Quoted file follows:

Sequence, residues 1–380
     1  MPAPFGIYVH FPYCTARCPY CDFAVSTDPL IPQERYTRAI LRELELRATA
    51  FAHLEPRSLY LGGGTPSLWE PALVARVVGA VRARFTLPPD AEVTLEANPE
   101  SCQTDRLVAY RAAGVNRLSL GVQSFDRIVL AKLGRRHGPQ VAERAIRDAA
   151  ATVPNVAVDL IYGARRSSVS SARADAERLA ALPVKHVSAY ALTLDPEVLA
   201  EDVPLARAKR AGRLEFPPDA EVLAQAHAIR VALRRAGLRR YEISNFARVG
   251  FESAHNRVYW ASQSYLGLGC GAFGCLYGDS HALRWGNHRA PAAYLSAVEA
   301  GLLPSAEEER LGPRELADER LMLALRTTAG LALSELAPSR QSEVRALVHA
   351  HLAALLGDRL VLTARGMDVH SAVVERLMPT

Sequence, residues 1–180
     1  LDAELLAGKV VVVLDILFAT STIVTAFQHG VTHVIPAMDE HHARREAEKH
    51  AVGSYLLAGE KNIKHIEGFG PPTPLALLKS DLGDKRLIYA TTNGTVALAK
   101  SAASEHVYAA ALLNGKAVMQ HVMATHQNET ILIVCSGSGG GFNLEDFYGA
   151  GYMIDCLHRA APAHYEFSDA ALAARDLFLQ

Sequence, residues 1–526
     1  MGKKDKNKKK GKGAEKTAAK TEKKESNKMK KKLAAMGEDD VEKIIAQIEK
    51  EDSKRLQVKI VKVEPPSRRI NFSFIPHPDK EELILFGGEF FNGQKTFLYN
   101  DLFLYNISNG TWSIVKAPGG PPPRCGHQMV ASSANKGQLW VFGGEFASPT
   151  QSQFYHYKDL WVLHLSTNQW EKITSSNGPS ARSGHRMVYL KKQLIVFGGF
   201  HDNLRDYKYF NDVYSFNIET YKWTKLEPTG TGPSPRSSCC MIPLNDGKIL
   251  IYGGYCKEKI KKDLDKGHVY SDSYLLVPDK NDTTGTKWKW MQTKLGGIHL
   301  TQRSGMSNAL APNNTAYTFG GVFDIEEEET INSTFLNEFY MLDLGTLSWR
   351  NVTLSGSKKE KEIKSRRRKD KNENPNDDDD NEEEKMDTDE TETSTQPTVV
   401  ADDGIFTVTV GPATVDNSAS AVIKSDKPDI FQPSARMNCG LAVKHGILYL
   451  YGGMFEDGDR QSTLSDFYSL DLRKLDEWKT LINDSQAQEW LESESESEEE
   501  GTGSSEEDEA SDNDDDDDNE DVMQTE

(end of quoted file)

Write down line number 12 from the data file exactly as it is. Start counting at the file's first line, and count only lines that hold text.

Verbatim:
    51  AVGSYLLAGE KNIKHIEGFG PPTPLALLKS DLGDKRLIYA TTNGTVALAK